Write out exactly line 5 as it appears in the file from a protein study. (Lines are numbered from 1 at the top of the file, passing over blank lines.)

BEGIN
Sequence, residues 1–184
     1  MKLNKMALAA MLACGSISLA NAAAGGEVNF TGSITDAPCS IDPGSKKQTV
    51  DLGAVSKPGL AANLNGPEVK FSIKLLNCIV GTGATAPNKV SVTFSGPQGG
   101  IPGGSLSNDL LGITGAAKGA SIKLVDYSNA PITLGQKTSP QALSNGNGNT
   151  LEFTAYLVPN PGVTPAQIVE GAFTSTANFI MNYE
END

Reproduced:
   151  LEFTAYLVPN PGVTPAQIVE GAFTSTANFI MNYE